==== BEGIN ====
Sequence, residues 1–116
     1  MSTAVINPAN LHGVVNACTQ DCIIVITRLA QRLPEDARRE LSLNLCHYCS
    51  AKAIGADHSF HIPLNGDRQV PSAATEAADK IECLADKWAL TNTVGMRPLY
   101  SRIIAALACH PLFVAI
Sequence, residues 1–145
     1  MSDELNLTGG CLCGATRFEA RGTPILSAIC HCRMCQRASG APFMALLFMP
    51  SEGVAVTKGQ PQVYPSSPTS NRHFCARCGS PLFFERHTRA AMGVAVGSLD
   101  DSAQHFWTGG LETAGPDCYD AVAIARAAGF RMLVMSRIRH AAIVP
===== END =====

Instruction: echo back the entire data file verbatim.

Sequence, residues 1–116
     1  MSTAVINPAN LHGVVNACTQ DCIIVITRLA QRLPEDARRE LSLNLCHYCS
    51  AKAIGADHSF HIPLNGDRQV PSAATEAADK IECLADKWAL TNTVGMRPLY
   101  SRIIAALACH PLFVAI
Sequence, residues 1–145
     1  MSDELNLTGG CLCGATRFEA RGTPILSAIC HCRMCQRASG APFMALLFMP
    51  SEGVAVTKGQ PQVYPSSPTS NRHFCARCGS PLFFERHTRA AMGVAVGSLD
   101  DSAQHFWTGG LETAGPDCYD AVAIARAAGF RMLVMSRIRH AAIVP